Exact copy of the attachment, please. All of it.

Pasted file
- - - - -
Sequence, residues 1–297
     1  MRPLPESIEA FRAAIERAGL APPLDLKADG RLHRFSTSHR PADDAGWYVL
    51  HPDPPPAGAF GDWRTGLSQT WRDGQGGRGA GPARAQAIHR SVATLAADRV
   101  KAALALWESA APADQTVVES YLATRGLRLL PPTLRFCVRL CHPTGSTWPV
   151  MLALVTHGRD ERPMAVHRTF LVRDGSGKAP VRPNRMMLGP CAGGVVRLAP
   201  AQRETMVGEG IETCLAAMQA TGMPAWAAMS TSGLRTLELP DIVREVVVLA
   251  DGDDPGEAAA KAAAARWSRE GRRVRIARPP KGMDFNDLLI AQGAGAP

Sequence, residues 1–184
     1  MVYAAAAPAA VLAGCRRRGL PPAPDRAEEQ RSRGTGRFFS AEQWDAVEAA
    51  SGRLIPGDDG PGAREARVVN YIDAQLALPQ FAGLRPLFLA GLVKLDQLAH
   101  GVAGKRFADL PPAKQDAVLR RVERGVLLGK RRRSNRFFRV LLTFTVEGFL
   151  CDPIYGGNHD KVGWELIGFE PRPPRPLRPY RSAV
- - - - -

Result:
Sequence, residues 1–297
     1  MRPLPESIEA FRAAIERAGL APPLDLKADG RLHRFSTSHR PADDAGWYVL
    51  HPDPPPAGAF GDWRTGLSQT WRDGQGGRGA GPARAQAIHR SVATLAADRV
   101  KAALALWESA APADQTVVES YLATRGLRLL PPTLRFCVRL CHPTGSTWPV
   151  MLALVTHGRD ERPMAVHRTF LVRDGSGKAP VRPNRMMLGP CAGGVVRLAP
   201  AQRETMVGEG IETCLAAMQA TGMPAWAAMS TSGLRTLELP DIVREVVVLA
   251  DGDDPGEAAA KAAAARWSRE GRRVRIARPP KGMDFNDLLI AQGAGAP

Sequence, residues 1–184
     1  MVYAAAAPAA VLAGCRRRGL PPAPDRAEEQ RSRGTGRFFS AEQWDAVEAA
    51  SGRLIPGDDG PGAREARVVN YIDAQLALPQ FAGLRPLFLA GLVKLDQLAH
   101  GVAGKRFADL PPAKQDAVLR RVERGVLLGK RRRSNRFFRV LLTFTVEGFL
   151  CDPIYGGNHD KVGWELIGFE PRPPRPLRPY RSAV